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-   -   Janet Evans (http://www.totalimmersion.net/forum/showthread.php?t=2977)

tamark04 12-09-2011 03:20 PM

Janet Evans
 
One of my favorite swimmers ever. What makes her so fast ? Is it all amazing boyancy and propulsion ?
http://www.youtube.com/watch?v=71CN4yNMgtY
http://www.youtube.com/watch?v=Jcln9...eature=related

andyinnorway 12-09-2011 06:31 PM

This has to be the most un TI elite stroke I've seen so far.

Just shows you there are many ways to get down the pool well.

found this clip of her on masters comeback. windmills, high head, smashing the water and then swims 800 in 8.59, is this for real?

swim2Bfree 12-09-2011 07:46 PM

For her body type, Janet's stroke technique is extremely efficient.

Here's the video of her 8:59 at a Masters meet in June:
http://www.youtube.com/watch?v=TRhpZdm9b3Q

drmike 12-09-2011 08:14 PM

Economical kicking
 
I think her 2BK was beautiful. Leaving and often approaching the wall her kick shifted to > 2 beats per cycle but beyond the walls she had great rhythm and kinetic linking from hips to toes - shown in underwater shots in second video starting, e.g., at 2:46 and 3:22. Current footage from a Masters competition shows that same smooth 2BK.

She still uses a windmill arm stroke, but her hands enter the water well-poised to catch water. Schubert and Joyner think that she has a real chance in the Olympic trials b/c physiologically she is freakishly strong. My shoulders couldn't survive that arm stroke, but she remains injury-free at 40 years old.

swim2Bfree 12-10-2011 04:58 AM

Someone - I forget who - has described this as "shoulder-driven" technique (as opposed to "hip-driven" technique).

Janet is an extreme example, but there are many who have employed this style successfully, in events ranging from the 50 Free to 67-mile marathon swims. It may not be for everyone, but it's not just for Janet Evans.

tamark04 12-10-2011 07:17 AM

[quote=swim2Bfree;24268]For her body type, Janet's stroke technique is
extremely efficient.

Thanks; sounds interesting. Can you go into some more detais ?

tamark04 12-10-2011 05:53 PM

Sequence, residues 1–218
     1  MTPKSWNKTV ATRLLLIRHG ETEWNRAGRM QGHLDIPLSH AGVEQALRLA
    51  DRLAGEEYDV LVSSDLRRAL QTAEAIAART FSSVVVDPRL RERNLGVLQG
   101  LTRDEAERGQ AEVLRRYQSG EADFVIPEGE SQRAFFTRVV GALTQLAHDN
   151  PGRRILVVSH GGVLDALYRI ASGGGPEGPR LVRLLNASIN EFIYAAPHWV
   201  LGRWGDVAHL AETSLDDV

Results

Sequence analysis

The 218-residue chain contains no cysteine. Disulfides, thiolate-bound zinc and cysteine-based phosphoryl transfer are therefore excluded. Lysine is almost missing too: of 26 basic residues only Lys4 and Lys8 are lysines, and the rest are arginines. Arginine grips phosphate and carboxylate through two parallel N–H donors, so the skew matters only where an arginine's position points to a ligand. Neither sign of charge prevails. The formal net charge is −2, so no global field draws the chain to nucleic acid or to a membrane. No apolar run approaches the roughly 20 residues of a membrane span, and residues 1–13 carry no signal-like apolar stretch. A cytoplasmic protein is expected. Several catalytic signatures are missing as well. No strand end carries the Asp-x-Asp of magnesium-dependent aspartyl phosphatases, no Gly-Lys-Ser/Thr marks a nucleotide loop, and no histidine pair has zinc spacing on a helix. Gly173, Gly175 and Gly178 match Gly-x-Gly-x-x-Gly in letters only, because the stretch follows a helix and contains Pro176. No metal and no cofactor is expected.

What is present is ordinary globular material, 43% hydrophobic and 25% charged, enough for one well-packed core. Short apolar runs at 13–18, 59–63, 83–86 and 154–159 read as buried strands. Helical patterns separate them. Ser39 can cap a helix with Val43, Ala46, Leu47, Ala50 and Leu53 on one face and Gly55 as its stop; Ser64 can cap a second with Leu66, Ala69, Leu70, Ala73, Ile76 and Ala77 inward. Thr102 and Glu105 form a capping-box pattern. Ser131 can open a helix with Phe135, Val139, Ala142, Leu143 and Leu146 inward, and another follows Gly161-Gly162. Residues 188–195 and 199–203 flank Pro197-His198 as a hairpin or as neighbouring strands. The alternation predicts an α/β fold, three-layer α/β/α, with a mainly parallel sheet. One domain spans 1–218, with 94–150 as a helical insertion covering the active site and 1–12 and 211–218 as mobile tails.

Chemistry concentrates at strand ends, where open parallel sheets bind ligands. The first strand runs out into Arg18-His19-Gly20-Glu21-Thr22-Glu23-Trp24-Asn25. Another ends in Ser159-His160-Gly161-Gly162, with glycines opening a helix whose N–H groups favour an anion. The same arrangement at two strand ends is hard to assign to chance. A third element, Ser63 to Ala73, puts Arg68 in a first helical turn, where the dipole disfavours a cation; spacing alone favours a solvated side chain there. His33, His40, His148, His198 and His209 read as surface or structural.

shoulder driven technique
 
http://www.slowtwitch.com/Training/S...ique_1877.html

ob3517 12-10-2011 11:34 PM

Gary Hall, Sr technique
 
So according to Gary Hall Sr., unless you have a strong kick (6 beat) you should be using a shoulder driven technique like janet evans, especially for tri athletes who want to save their legs.

TI technique advocates a hip driven technique with a 2 beat kick. These view seem totally opposite?

CoachSuzanne 12-11-2011 05:12 AM

Quote:

Originally Posted by ob3517 (Post 24295)
So according to Gary Hall Sr., unless you have a strong kick (6 beat) you should be using a shoulder driven technique like janet evans, especially for tri athletes who want to save their legs.

TI technique advocates a hip driven technique with a 2 beat kick. These view seem totally opposite?

You can swim "hip driven" with 2 beat or 6 beat. If your kick is propulsive, and not in the way, 6 beat will be faster. The question is then how do you want to use your limited energy resources?

Suggesting however that a windmill style technique like janets is going to be better of you do NOT have 6 beat kick really doesn't make any sense....really, wht's the correlary? That if you choose to use a 2 beat kick you must swim windmill style?

Makes no sense. Hall, Sr, et al. do have a rational behind what they say, but it doesn't really hold water.

swim2Bfree 12-11-2011 05:51 AM

Quote:

Originally Posted by CoachSuzanne (Post 24305)
Suggesting however that a windmill style technique like janets is going to be better of you do NOT have 6 beat kick really doesn't make any sense....really, wht's the correlary? That if you choose to use a 2 beat kick you must swim windmill style?

You seem to be conflating "shoulder-driven technique" and "windmill style." They're not the same. "Windmill style" typically refers to straight-arm recovery, but that's not equivalent to shoulder-driven technique. Indeed, "windmill style" is quite possible with hip-driven technique. Janet's freestyle happens to be BOTH shoulder-driven and windmill style.

Notice Gary Hall's article does not once use the phrase "windmill style."

Quote:

Originally Posted by CoachSuzanne (Post 24305)
Makes no sense. Hall, Sr, et al. do have a rational behind what they say, but it doesn't really hold water.

Why not, Coach? Please be specific.


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